and dancers wandered home in shame and guilt.
When time stopped behaving, I should have known
that war was coming - perhaps, something worse.
Those who saw themselves sinless grabbed their stones,
and started chanting bile -- their wicked curse.
The hopeless cried with wide eyes, but in vain
as they were huddled around burning fires.
The best of us opted to go insane,
and build crude armor from old belts and tires.
We'd flank a castle that did not exist
like Don Quixote, tilting at windmills.
Better to charge a false monster and miss
than to have Folly chase one to the hills.
Who says it's worse to slouch to lunacy
than suffer the world's fury lucidly?
My lungs were burning as I ran through town,
and tried to escape the streets of cobbled stone
and he from whom I ran, that evil clown,
whose paint obscured a face I once had known,
but how could I know something that's unknown
and, thinking that, I knew it made no sense,
though I knew it true deep within my bones.
Then stirred by eyes so burning and intense,
I picked a pointy stick for my defense,
and chucked it at the creature's beastly heart.
I missed its heart by width of a ten-pence.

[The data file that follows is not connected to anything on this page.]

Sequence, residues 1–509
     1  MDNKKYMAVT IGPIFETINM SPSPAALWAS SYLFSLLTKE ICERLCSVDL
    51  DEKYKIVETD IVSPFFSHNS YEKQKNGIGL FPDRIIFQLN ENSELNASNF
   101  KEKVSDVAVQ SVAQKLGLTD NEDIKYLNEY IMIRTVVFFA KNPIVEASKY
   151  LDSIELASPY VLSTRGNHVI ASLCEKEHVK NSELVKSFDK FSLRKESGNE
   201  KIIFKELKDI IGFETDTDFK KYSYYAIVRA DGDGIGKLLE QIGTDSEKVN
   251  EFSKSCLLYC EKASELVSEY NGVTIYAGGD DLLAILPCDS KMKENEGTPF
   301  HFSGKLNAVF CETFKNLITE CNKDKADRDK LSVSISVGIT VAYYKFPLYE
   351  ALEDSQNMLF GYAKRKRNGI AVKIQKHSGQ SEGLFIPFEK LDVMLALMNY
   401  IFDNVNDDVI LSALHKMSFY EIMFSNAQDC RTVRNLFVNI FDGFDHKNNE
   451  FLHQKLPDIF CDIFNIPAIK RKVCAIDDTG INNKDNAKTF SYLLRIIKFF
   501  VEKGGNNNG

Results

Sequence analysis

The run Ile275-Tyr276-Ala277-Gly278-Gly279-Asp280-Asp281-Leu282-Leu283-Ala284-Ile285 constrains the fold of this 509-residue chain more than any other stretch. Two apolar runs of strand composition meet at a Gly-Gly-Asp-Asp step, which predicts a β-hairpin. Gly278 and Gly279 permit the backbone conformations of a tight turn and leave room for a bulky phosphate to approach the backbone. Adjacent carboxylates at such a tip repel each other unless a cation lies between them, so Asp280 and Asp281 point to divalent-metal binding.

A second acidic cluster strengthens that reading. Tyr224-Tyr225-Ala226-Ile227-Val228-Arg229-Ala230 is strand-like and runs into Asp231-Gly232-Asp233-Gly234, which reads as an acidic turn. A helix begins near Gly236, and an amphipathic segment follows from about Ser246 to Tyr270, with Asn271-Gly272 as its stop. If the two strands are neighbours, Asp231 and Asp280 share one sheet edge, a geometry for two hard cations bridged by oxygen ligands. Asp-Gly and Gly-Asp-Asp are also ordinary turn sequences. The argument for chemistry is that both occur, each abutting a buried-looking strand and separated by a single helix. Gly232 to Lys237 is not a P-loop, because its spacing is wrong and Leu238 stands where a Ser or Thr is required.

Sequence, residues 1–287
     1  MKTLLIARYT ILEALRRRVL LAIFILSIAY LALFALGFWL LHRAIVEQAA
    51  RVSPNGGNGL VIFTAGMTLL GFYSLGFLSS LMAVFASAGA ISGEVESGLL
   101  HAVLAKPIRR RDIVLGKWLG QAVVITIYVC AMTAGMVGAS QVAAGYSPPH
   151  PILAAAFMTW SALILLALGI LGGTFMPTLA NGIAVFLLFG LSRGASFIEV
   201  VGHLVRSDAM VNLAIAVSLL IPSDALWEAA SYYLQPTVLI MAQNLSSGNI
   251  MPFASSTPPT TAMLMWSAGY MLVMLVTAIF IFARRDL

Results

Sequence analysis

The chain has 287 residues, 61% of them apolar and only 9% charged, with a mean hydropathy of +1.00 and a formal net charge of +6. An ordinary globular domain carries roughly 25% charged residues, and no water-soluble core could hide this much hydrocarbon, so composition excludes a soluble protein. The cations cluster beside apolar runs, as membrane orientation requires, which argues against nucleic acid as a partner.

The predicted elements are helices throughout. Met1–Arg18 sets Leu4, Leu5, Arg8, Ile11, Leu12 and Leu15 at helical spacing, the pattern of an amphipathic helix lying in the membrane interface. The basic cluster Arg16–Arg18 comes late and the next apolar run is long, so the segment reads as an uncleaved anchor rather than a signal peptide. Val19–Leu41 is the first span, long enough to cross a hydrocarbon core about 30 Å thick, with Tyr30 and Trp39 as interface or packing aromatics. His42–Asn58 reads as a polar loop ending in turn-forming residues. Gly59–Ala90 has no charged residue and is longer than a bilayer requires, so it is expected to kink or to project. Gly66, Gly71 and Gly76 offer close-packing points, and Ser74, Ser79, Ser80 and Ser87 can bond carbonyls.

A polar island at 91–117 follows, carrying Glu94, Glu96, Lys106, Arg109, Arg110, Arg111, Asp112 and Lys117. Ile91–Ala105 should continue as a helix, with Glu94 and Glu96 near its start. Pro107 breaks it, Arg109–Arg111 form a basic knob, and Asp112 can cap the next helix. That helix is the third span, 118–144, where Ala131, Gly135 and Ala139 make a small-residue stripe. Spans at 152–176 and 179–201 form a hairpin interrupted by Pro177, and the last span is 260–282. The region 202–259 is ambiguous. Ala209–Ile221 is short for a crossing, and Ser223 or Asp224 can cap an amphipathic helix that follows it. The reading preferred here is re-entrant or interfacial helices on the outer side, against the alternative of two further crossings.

The clown, in turn, tossed it back like a dart.
Awaking to sharp pains in my frail chest,
the clown had slayed me, or so I guessed.
I scoured vast seas in search of wisdom lost.
It happened when they made me walk the plank,
like scuttled wreckage, sunk sans thought of cost,
as I began to rise, my treasure sank.
I bobbed in seas that each way looked the same.
How could I find my way back to that spot
carried by currents dastardly untamed,
and found days later by a ragged yacht.
And so I drift upon the choppy seas,
and hope for winds to steer me on my course,
but mostly there's not even a slight breeze,
and I'm stuck in ghost screams of a dumped horse.
I hope one day to regain my attitude,
but not stuck down in these damned horse latitudes.
The world stands like a frozen waterfall,
a river paralyzed, impossibly.
And silence replaces its rushing call.
In stillness, it spurns gabbling audibly.
How can a cataract become so hush,
its business being unceasing motion,
spending its days, constantly in a rush,
dispatching raindrops back to the ocean?
Yet, now it's a tower - still as a stone -
that looms like it's never known transience.
Its icy curtain, hard as a shinbone,
offers a wholly different ambience.
I can see its beauty, but am still sad,
thinking the falls should be beyond the fads.
The burbling sounds did clarify my mind.
Somehow, the flowing stream was one with me,
and sitting down just at the riverbend,
I felt more flowing rhythm than I could see.
Some part of me was whisked in search of sea,
though my body sat at the muddy edge.
I know not how a part of me could flee --
just pure potential, being on a ledge.
I lost the river like one loses blood.
It's there, but [unseen] becomes all and none.
Each is swept along swiftly by a scud,
but seem so still when you and it are one.
The mystic moment comes then flits away,
and I am left with nothing fine to say.